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Polk LSi9 surround speaker system Measurements

Measurements

The sensitivity of the Polk LSi9 measured about 87dB/W/m. Its ported cabinet is tuned to approximately 50Hz, with a minimum impedance of 2.5ohms at 52Hz. A small ripple in the impedance magnitude at about 1kHz may indicate the presence of a resonance at this frequency. The impedance remains below 4ohms from 42 to 72Hz, and again from 150 to 290Hz; I would conservatively rate the speaker's nominal impedance at 4ohms. But the phase angle of the impedance is relatively benign; the LSi9 should be of average difficulty to drive.

The pseudo-anechoic response of the LSi9 at tweeter height, averaged over a 30° forward horizontal angle and combined with the nearfield responses of the woofers and ports, is shown in Fig.1 (violet). The useful bass extends down to about 40Hz (–10dB relative to the output at 1kHz). The on-axis average is reasonably smooth, with a small rise at 1kHz and a broader plateau from about 7 to 12kHz. That 1kHz rise corresponds to the wrinkle in the impedance plot noted above. But FM reported no audible anomalies from it, and overall the response is within +/-2dB from 70Hz to 14kHz.

Fig.1: Polk LSi9, pseudo-anechoic horizontal response at 45° (red) and 60° (blue) relative to tweeter axis.

The LSi9's tweeter is asymmetrically positioned on the speaker's baffle. We measured the off-axis horizontal response on the side where the tweeter is closest to the cabinet edge. (The response will be a little different in the other direction, but the offset is small and should not significantly alter the result.) The response at extreme off-axis angles is very well-behaved and stays close to the on-axis response, except for the rapid falloff at extreme high frequencies.

Fig.2 again shows the LSi9's averaged horizontal front response (violet), plus the vertical responses taken at +15° (red) and –15° (blue) relative to the tweeter axis. The vertical listening position appears relatively noncritical within the +/-15° limits, though the small suckout centered at about 2.5kHz may account for the changes FM heard when he positioned himself below the tweeter axis.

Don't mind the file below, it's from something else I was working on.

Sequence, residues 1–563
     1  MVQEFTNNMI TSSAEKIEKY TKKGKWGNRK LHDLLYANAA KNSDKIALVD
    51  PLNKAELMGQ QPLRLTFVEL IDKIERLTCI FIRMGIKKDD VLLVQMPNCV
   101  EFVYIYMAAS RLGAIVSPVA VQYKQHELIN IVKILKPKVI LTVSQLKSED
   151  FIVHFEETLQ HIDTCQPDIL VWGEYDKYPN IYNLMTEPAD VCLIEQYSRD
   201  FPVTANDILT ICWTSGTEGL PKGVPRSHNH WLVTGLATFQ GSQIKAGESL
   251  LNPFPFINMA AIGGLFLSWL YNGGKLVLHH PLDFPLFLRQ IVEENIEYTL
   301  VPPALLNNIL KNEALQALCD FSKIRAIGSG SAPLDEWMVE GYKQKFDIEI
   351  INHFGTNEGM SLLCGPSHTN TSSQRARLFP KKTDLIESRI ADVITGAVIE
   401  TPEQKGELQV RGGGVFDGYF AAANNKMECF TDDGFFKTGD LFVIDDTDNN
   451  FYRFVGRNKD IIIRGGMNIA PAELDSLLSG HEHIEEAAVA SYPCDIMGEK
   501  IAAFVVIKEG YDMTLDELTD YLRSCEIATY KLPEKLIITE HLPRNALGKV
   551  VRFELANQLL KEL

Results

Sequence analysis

Fig.2: Polk LSi9, pseudo-anechoic vertical response at +15° (red) and –15° (blue) relative to tweeter axis.

Fig.3 shows what happens to the LSi9's response at extreme off-axis vertical angles. The point of presenting this curve is that if the speaker is rotated 90° and used as a horizontal center-channel speaker, the red and blue curves will now represent the 45° off-axis horizontal response. The LSi9 could be used this way, but if you're considering using it as a center-channel and can't position it vertically, you might be better off with a vertically positioned LSi7 or Polk's dedicated LSiC center. Our sister publication, Stereophile, tested the LSi7 recently (March 2003); the response curves for that speaker suggest a good spectral match to the LSi9.

Fig.3: Polk LSi9, pseudo-anechoic vertical response at +45° (red) and –45° (blue) relative to tweeter axis.

If the vertically positioned LSi9 is not practical as a center-channel in your system, my choice for an option would be the shorter LSi7, though you might have a problem buying just one. (You could use the extra speaker of the pair as a rear center-channel in a 6.1-channel setup.) Our experience with all of the woofer-tweeter-woofer, horizontally configured center-channels we've measured to date suggests that the similarly configured LSiC will also have off-axis suckouts in its response similar to those in Fig.3. But we haven't tested the LSiC, and so can't say for certain. Readers auditioning such speakers should listen to a wide range of material on them, particularly dialogue. Stay alert for any muffling of the response or loss of dialogue intelligibility as you move as far to the side as any frequently used seating positions in your home. Disconnecting the other speakers in the system will help you to spot this problem more quickly.—Thomas J. Norton

All figures: Violet: Pseudo-anechoic response on tweeter axis, averaged across a 30° horizontal window, combined with nearfield responses of woofers and ports.

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